Enter the System of Operative Search Measures, or SORM, which is based on a Soviet-era surveillance system for monitoring telephone calls. In 1995, the system was resurrected and expanded to monitor email traffic and online browsing. Today, a growing list of companies, including telecommunications companies, internet service providers and social media platforms, are legally required to install SORM equipment.
SORM doesn’t block information. Instead, it allows the security services and government agencies to access all the data that flows on the internet and on telecommunications networks. SORM basically works as a government’s “backdoor” to the internet. It can be used to track personal details like Internet Protocol, or I.P., addresses, social media user names and the email addresses of, for example, protest leaders or opposition politicians.
Russian companies have been selling SORM-related technologies to Belarus, Kyrgyzstan, Kazakhstan and Ukraine — and further afield to countries in Latin America, Africa and the Middle East. MFI Soft, one of the largest SORM providers, offers a variety of packages and 24-hour customer service, and it claims a decade of experience providing equipment. One of MFI Soft’s most popular packages, SORMovich, can be purchased for approximately $20,000. In 2017, MFI Soft became part of a growing consortium of so-called “information security” companies known as the Citadel group. The move to consolidate the surveillance technology market under one umbrella holding suggests the Kremlin intends to scale up capabilities and harmonize pricing.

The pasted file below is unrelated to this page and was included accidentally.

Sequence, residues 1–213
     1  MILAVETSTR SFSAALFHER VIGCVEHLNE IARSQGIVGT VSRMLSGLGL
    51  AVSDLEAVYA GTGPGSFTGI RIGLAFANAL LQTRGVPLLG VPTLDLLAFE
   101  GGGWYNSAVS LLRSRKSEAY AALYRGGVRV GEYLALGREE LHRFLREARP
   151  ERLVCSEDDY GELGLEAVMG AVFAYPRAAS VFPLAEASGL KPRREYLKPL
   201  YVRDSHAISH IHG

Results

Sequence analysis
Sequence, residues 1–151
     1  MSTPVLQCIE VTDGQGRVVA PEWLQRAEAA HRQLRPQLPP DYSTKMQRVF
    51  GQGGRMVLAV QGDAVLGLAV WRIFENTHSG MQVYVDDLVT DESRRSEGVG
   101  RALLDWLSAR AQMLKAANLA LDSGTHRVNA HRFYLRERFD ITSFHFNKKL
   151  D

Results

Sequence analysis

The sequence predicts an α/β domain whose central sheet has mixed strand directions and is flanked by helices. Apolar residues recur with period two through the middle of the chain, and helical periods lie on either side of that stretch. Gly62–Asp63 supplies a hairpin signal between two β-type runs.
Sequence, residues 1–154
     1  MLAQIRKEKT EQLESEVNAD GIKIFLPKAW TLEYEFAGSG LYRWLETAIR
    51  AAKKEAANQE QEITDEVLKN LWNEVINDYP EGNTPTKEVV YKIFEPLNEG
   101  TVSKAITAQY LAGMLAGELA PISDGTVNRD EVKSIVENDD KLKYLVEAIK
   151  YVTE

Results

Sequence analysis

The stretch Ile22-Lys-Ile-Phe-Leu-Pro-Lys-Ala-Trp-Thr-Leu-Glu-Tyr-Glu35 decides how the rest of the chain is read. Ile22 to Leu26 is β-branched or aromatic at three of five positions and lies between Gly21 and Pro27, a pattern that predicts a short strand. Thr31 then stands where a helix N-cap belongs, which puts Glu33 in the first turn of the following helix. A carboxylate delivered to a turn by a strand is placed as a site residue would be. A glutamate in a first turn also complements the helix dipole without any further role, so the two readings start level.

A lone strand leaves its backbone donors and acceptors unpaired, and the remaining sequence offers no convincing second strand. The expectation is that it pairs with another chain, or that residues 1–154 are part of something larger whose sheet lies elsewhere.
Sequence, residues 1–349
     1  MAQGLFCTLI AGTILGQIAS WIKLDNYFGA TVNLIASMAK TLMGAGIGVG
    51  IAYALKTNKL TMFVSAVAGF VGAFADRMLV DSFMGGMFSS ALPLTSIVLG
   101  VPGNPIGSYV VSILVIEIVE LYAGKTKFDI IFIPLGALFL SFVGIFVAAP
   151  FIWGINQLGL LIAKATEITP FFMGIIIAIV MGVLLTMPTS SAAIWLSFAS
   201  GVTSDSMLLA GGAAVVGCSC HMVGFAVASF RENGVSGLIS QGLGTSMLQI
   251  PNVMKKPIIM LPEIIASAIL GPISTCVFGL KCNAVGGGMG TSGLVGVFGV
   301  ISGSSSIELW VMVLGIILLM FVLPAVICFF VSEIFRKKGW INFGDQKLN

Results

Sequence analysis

SORM pales in comparison with China’s “Sharp Eyes” initiative, which aims to be a fully omniscient system integrating artificial intelligence and data input from video and online surveillance. It’s also not secure. Recently, a Russian programmer found that SORM devices were leaking Russians’ personal data, including geolocation coordinates and telephone numbers. But unlike the complex Chinese vision of complete surveillance, SORM technologies are relatively easy to install and integrate with other systems.